There are more grains of sand on earth than stars in the universe.
The recently published data from Hubble Space Telescope images help confirm scientists long-held suspicion that the universe has many galaxies invisible to ground-based telescopes, so an increase from ten billion galaxies to fifty billion was not unexpected.
Some estimates have gone even higher, up to one hundred billion galaxies.
When you multiply by the average number of stars per galaxy, you get anywhere from 10 to the 20th power to 10 to the 22d power for the estimated number of stars in all the galaxies of all the known universe, 10 to the 20th is a 1 followed by twenty zeroes.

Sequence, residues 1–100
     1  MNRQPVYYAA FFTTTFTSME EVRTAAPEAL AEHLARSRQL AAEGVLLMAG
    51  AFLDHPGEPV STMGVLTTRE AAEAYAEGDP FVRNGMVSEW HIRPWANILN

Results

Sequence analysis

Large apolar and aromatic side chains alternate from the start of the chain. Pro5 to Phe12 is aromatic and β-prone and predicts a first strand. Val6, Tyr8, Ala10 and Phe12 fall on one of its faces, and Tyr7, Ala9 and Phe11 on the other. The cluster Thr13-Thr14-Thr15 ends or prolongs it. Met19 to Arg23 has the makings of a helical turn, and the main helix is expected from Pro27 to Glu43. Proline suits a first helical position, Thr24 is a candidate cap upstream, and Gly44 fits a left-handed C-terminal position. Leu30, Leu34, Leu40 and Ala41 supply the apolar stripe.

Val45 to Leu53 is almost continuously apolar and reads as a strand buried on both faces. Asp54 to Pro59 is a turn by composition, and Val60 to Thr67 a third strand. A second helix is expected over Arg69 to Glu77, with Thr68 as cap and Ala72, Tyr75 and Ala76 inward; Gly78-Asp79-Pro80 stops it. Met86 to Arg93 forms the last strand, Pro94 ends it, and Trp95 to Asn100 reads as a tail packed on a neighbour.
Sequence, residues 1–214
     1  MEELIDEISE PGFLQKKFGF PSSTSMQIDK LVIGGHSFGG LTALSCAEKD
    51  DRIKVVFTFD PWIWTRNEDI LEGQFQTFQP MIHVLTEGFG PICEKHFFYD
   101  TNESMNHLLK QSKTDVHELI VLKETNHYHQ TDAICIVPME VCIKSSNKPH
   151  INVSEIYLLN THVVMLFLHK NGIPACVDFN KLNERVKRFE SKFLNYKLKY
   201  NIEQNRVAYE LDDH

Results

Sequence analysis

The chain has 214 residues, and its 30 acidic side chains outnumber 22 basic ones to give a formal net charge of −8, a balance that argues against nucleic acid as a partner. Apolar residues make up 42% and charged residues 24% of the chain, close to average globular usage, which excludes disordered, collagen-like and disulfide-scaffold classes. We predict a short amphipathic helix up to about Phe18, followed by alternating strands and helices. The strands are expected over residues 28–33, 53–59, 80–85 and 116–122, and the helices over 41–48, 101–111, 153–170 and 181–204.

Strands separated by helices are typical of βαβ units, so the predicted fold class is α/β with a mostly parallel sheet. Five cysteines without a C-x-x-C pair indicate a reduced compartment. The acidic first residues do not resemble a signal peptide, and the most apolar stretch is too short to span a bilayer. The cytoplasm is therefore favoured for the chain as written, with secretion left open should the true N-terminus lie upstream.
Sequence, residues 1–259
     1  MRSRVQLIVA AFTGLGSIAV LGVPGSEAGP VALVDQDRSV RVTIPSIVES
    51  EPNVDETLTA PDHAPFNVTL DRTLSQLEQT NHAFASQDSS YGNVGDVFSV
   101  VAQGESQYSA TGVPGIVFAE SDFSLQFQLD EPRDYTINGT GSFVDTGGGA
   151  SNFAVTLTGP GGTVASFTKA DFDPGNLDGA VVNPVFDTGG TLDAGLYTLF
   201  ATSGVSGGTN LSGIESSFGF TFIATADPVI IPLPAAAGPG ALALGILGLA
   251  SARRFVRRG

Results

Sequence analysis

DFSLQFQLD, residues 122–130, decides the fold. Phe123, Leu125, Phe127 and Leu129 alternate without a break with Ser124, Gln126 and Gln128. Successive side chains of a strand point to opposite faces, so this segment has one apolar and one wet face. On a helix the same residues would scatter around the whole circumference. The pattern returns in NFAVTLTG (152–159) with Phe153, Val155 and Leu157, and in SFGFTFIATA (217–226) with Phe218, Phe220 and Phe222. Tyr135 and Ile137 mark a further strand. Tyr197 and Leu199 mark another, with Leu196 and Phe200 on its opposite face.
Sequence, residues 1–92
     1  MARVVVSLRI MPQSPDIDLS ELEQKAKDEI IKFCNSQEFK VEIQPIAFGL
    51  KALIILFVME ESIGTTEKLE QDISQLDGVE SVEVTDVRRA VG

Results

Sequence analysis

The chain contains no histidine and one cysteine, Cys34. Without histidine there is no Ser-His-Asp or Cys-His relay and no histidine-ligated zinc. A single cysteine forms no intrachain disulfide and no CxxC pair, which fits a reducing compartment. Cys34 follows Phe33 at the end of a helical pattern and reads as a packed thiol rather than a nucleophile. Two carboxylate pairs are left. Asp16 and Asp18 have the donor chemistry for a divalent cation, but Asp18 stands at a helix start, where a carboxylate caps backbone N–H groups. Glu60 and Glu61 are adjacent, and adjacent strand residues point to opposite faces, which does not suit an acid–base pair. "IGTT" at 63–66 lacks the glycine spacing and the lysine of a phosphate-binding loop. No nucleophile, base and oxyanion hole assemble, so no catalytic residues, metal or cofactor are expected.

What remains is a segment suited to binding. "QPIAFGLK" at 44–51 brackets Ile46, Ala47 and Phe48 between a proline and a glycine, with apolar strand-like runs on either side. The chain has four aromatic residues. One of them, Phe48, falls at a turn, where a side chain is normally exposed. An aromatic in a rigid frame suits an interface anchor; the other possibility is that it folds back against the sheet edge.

A beach with a coastline of a few kilometers, with sand grains fitting a few to the millimeter, has a mere 10 to the 18th power, or one quintillion, grains, far fewer than the number of stars.
However, if you add up all the grains of sand on all earth’s beaches, in all earth’s mighty deserts and below earth’s oceans, you have handily outnumbered all the stars in the known universe.